Mad Mack: Three Things That Will Make 2013 A Phenomenal Year For Gamers

With a bold new year for video games in the offing, disgruntled gamer Dave ‘Mack’ McConkey takes an unusually optimistic look at the 12 months ahead – and explains why they are set to offer up a seminal chapter for our beloved medium.

Aaaaaand, we’re back. After two weeks of eating our own body weight in turkey and gravy, drinking enough to drown a bus-load of puppies and moving just enough to stay sanitary and refresh our drinks, the Holidays of 2012 have finally passed. I am sure that many of you, like myself, are now a) broke, and b) filled with self-loathing at your new physique, which can best be described as ‘amorphous’. As a result, you’re probably not facing 2013 with the same optimism you might have felt at midnight on the 1st.

Happy New Year!

Well, mindful that the first few weeks of January are perhaps some of the most depressing of the year (for a variety of reasons – no money to socialise or buy things; post-holiday Blues; nothing to look forward to except the rest of a bleak winter; severe alcohol withdrawal; all of the above), I am going to attempt to cheer us all up with an uncharacteristically upbeat appraisal of what we can expect in 2013. And there really is a lot to look forward to.

Things like…



Of the Next Generation consoles, it could be argued that the first one has already arrived in the shape of the Wii U. But given that the Nintendo platform’s current games library includes titles that are over a year old, I am not sure it really represents the step forward in graphical and processing power that would normally typify a generational leap. But I guess time will tell.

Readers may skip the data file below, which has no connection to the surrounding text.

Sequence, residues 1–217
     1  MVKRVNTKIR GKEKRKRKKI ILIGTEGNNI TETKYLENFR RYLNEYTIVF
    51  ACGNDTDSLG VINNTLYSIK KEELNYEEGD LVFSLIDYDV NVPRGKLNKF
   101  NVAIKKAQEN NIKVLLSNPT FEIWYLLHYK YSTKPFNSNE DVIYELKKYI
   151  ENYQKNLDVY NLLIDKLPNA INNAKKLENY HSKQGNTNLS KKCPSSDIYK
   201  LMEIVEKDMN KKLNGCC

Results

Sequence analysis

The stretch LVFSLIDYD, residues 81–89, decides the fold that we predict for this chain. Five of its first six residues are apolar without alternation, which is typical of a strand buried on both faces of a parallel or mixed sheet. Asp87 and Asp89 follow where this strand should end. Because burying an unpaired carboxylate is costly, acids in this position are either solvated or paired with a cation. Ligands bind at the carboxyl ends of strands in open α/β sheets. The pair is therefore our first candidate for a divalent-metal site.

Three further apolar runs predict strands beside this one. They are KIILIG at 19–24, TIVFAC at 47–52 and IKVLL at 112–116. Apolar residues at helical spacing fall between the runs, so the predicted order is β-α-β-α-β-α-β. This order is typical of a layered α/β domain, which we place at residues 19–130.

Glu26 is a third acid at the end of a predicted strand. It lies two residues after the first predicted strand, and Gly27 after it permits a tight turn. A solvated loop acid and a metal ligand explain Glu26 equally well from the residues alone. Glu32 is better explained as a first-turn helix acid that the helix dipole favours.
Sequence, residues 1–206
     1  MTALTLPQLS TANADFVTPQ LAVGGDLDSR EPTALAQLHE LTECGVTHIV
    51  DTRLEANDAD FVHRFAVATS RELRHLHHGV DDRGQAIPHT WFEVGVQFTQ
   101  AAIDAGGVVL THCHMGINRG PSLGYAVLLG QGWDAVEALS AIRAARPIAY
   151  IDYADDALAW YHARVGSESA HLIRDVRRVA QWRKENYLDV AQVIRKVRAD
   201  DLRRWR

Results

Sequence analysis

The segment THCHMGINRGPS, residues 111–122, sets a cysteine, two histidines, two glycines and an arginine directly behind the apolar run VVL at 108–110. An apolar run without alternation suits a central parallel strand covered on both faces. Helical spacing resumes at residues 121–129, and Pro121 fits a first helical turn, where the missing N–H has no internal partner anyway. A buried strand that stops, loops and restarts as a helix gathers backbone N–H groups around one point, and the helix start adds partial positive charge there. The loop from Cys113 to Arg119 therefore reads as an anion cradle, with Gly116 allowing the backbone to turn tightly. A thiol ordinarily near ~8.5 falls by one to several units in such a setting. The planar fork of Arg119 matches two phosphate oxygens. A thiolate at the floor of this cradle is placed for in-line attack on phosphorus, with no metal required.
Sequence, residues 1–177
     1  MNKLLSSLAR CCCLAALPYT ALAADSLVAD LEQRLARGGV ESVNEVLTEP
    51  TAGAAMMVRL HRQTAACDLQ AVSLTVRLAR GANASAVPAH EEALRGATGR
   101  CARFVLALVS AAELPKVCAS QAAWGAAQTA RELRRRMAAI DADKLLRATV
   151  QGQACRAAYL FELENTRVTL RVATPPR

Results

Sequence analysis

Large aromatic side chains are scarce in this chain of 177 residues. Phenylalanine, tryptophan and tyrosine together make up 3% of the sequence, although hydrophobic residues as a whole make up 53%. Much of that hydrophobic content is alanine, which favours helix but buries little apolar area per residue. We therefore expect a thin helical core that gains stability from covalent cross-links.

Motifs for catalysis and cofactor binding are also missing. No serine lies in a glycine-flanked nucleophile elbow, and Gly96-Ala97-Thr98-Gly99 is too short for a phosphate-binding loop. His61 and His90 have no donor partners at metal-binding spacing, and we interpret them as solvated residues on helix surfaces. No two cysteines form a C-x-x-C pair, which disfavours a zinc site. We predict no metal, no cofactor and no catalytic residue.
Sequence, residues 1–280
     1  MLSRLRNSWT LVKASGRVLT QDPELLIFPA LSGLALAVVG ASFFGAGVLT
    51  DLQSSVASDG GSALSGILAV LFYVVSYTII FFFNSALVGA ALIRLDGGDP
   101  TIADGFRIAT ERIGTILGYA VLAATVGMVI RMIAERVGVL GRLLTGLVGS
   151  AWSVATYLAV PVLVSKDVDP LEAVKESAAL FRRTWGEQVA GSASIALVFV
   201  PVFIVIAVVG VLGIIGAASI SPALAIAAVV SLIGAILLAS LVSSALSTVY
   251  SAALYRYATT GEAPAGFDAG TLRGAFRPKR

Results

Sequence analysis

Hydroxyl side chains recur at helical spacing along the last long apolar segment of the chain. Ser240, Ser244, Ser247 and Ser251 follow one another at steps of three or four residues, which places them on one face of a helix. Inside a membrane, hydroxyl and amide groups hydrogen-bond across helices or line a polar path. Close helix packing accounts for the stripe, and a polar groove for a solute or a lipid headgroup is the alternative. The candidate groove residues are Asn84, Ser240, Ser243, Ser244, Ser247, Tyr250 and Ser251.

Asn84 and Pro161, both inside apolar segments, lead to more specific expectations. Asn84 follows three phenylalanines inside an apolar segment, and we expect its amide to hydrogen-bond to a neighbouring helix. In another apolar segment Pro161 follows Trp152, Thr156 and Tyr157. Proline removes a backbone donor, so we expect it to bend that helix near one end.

No, what I am really excited about is the one confirmed and two possible consoles that will be gracing our shelves in 2013. First, let’s look at the ‘possibles’. The X-Box 720 and the PlayStation 4 have both been beset with rumours now for nearly a year and, based on some rather interesting hiring patterns, look like both are well into the R&D process.

However, as Microsoft have apparently stated that their new console will categorically NOT be delivered by late 2013, that the X-Box 360 is expected to be in the frame until 2015, and Sony have shown some aversion to an early PS4 release, it is looking like we should not be getting our hopes up for either console. Of course, this could all just be misinformation to throw off the competitors and keep sales strong (current-gen sales will grind to a halt when the new consoles are announced officially, and will require aggressive discounting to shift any units), so we will have to see.

There is one shiny new entrant to the console market that has been confirmed for 2013, however, and its development is being led by none other than King Gabe himself.


Hail to the King, Baby

I am, of course, talking about the Steam Box. What it will actually be remains open for some speculation, but it is looking like it will essentially be a PC in a box that will run a version of Steam and easily plugs into one’s TV. This is good for players, as we will not have to shell out thousands on top spec PCs to access PC quality games (hopefully), and it means console gamers get access to Steam levels of discount, thus disrupting the current fixed pricing of games that is being enforced by the existing console manufacturers. There are really lots of theoretical advantages to the Steam Box, though of course there will be some issues to resolve (things like the controller looking like a piece of shit). But it’s looking really promising.

In fact, the only downside to the Steam Box is that Valve are devoting time and resources to something that is not Half-fucking-Life 3. Talk about priorities!

Unless….Steam. Box. Launch. TITLE!!!!!!


Games! Lots of Games!

Holy bastarding shit. There are a metric FUCK-ton of great titles coming our way in 2013. The list is seemingly endless. I have a few personal faves that I am looking forward to, and we already covered some in another article. Here are my most-wanted:


Heart of the Swarm